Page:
The Parker Misfire

The Parker Misfire // stirandstrain.comIt must be spring. I’m sneezing and dreaming of my mini Palm Springs vacation coming up in the summer (I’m always planning ahead, way ahead). Also, pineapples are popping up all over the place. For example, this new beauty:pineapple-bronze2

It was listed as a possible ice bucket on Etsy, but I don’t think standing water would be so great in the brass. For now I’ll just let it hang out with the liquor bottles.

I love the flavor of pineapples but they always get the rap of being put into a tropical drink. While I have no problem with that whatsoever, I really wanted to try a pinapple drink that wasn’t tiki.

This drink is a good base. It’s not pow-bam terrific but it’s getting there. The first incarnation came straight from the Joy of Mixology. And immediately I knew this was not really great. It tasted… weird? So I tried to think up what it was missing and came up with the recipe below.

The name, The Parker Misfire, is based off of the original recipe name, The Algonquin. I associate that with the name of the hotel where the Algonquin Round Table was housed. While many notable names sat there, I remember it fondly for Ms. Dorothy Parker, whose acerbic wit I strive for in my daily life. While this drink has some bite, it doesn’t deliver quite the zing it needs. Suggestions, as always, are welcome.parker-miss2

1-1/2 oz Rittenhouse Rye 100
1/2 oz Dolin Dry Vermouth
1/2 oz Pineapple Juice, unsweetened
1/4 oz Rothman & Winter Orchard Apricot Liqueur
2 dashes of Miracle Mile Yuzu Bitters

Combine all ingredients except for bitters in a shaker 2/3 filled with ice. Shake well and strain into a chilled cocktail glass. Add two dashes of Yuzu bitters on top.

Sweet and savory with a surprisingly creamy mouthfeel. The apricot balances the sweetness and cuts through the dry vermouth to prevent it from becoming ‘too savory’, which I found to be a real problem with the first version of the drink. The Yuzu adds a subtle bite of acid while providing a clean citrus nose to the drink. The rye is not a powerful flavor here as the pineapple covers up a lot of its bite.

So, there you go. Feel free to try this recipe out and let me know what you did differently to make it appeal to your palate. 

Yuzu Whiskey Sour

Yuzu Whiskey SourRight now while I’ve had quite a lot of time on my hands I’ve been looking for projects that I can bunker down and spend some time on. One of these projects was learning to make marmalade; a perfect solution to the citrus situation going on right now. The other night I took a class at a local restaurant/jam store Sqirl where I learned the art of making marmalade. At first completely overwhelmed, our teacher, the owner, guided us step by step until I felt like a pro. A parting gift was a jar of her small batch yuzu marmalade. Heaven. Also I thought, great for adding to a drink.yuzusour-1

Once a long time ago I used marmalade in a drink and I patted myself on the back for thinking of trying it. And then I realized that my Eureka moment had been experienced by many a cocktail maker. Oh well. Great minds think alike right?yuzusour-4

Yuzu is a Japanese citrus that tastes similar to a sour orange and is very aromatic. The Sqirl marmalade has a nice bitter, sour and sweet flavor profile. You can sub in an orange marmalade that is more on the tart side and not too sweet to get similar results in this cocktail. Don’t sub the Yuzu bitters though, you’ll want to track these down online if your local store doesn’t carry them.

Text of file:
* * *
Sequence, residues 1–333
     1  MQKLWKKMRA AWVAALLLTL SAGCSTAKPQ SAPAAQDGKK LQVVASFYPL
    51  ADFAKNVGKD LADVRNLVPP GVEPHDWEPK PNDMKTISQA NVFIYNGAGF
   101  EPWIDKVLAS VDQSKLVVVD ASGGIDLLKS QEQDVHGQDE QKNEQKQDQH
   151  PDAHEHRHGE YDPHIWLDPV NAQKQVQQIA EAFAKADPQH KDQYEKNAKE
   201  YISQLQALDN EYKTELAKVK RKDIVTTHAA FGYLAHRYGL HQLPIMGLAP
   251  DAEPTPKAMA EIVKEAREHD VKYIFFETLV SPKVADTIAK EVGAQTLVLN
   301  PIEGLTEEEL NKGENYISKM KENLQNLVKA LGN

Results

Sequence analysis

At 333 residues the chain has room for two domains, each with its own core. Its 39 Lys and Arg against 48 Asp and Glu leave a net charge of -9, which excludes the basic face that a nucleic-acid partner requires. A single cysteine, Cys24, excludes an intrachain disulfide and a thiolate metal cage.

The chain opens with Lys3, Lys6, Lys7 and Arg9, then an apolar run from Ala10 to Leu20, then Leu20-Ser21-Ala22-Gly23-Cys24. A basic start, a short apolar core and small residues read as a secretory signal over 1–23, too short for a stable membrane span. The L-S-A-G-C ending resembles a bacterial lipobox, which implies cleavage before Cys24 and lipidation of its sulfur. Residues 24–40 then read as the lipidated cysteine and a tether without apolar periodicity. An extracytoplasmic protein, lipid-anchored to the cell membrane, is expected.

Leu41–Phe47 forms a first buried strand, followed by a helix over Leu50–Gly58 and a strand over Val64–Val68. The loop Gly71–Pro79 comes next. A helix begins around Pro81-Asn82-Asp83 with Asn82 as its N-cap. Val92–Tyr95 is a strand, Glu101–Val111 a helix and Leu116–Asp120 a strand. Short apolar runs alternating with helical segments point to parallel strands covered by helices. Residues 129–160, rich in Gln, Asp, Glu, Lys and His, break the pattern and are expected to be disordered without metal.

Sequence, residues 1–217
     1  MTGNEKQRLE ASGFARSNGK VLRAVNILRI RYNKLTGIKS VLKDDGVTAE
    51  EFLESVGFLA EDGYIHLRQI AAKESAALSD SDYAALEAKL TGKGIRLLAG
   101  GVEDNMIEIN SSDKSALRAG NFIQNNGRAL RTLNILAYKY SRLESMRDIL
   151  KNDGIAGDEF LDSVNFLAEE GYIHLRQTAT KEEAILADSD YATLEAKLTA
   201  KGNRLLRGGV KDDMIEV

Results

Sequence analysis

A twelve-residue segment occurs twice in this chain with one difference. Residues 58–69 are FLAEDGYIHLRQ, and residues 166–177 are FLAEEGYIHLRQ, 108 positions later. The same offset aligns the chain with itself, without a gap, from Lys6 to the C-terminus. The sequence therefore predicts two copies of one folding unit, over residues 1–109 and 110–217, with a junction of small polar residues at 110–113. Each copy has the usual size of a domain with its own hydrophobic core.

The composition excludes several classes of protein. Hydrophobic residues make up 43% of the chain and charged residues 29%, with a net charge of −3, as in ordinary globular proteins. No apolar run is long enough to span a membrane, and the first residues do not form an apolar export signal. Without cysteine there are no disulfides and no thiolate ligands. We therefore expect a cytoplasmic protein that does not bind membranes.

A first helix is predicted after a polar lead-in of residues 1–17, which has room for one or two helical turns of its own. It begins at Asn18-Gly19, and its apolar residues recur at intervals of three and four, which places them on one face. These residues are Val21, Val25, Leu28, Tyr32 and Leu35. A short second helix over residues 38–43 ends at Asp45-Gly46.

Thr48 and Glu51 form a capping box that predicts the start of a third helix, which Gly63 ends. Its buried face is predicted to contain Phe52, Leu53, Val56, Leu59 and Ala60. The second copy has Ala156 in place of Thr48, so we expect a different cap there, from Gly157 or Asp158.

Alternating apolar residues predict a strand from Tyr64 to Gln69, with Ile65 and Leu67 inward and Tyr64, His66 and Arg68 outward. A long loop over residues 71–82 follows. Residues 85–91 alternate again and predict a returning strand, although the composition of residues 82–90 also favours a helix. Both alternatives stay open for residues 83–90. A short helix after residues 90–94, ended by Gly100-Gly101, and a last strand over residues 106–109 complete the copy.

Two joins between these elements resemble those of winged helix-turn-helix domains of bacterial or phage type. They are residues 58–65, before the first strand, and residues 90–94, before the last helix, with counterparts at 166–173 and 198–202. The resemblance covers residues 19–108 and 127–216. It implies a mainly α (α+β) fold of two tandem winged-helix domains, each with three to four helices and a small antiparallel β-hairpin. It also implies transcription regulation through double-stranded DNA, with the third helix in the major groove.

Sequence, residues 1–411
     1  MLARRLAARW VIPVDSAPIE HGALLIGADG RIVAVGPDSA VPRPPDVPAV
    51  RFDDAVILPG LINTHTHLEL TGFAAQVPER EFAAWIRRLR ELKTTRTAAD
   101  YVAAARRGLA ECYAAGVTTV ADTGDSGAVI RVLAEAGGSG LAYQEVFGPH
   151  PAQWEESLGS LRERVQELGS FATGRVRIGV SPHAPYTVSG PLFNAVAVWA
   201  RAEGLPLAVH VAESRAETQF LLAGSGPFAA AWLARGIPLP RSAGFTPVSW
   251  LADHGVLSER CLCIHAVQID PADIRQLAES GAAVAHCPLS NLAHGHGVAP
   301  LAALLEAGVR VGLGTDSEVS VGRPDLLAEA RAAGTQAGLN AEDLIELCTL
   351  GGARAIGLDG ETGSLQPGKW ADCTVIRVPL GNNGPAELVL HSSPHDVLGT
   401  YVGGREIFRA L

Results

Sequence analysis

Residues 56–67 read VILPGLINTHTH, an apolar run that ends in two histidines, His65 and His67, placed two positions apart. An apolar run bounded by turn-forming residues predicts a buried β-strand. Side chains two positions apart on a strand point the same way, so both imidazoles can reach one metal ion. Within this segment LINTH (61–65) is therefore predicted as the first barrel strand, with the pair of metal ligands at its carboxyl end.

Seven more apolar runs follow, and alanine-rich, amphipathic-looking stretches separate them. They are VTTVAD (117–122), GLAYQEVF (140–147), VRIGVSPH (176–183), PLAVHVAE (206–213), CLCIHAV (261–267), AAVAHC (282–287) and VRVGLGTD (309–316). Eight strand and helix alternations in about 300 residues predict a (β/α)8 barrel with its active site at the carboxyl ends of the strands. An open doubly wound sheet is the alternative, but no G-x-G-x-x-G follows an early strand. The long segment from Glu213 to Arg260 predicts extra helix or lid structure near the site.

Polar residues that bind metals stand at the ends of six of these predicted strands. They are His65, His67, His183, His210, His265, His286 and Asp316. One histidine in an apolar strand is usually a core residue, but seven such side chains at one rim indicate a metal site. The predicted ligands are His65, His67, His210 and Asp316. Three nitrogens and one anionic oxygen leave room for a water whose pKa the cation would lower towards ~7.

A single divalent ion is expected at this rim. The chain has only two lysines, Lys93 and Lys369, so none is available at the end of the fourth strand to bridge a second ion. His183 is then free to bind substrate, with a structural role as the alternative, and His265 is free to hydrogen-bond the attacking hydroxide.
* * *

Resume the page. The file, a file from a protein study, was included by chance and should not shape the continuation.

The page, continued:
Adapted from Saveur
2 oz Old Grandad 100-proof bourbon
1 oz freshly squeezed lemon juice
½ oz simple syrup
1 tsp Sqirl Yuzu marmalade (or a bitter orange marmalade)
1 egg white
2 drops Miracle Mile Yuzu bitters

1 lemon strip for garnish

Combine all ingredients except your garnish in a Boston shaker. Dry shake for 30 seconds to incorporate the egg white. Add ice and shake vigorously for about a minute. Double strain into a chilled coupe and garnish with the lemon strip.yuzu whiskey sour garnish

Sharp and tart, this drink provides a nice contrast with a subtle sweet flavor and floral notes from the bitters. Those bitters also provide balance between the bite of the whiskey and the sour flavor of the citrus. Again I’m delving into the semi-scary world of raw eggs but fear not, that egg white adds a lovely creaminess to the drink with a rich mouthfeel. On its own, the Yuzu marmalade is quite tangy, but mellows out into the drink. Overall it’s surprisingly dry, not unlike my sense of humor.

Cocktail Quickie: Yuzu Lemon Sparkler

A cocktail does not need to be complicated. It does not need to contain 7 ingredients. It doesn’t need herbs freshly harvested from my backyard. Sometimes a cocktail is something you threw together in 2 minutes. Sometimes it looks like this.

I’ve been going through those watermelon chunks like crazy and came to a point where I ran out but still had half a bottle of OK champagne in the fridge. Ah dilemma. I could have gone the Champagne Cocktail route, but I’m trying to get through that bottle of Limoncello because I need that bottle to make a new batch soon. So this became a marriage of convenience (of ingredients).

I like the idea of sometimes having something in my brain Rolodex that I can throw together quickly without having to think too much on it (like after a grueling day at work). This is one of them, and may possibly be a new vein of recipes on here: the quickies.

1-1/2 oz Limoncello (homemade if you got it)
2 dashes of Miracle Mile Yuzu Bitters
3-4 oz of Champagne

Pour limoncello and bitters in a chilled Champagne flute. Swirl gently to mix. Pour in champagne. Bottoms up.

I love the heightened citrus and woodsy notes that the Yuzu bitters adds to the mix (DO go and find these bitters. So worth it.). Can you drink champagne without any extras? Yes. But if you want an extra punch to the drink, this quick fix will do you right.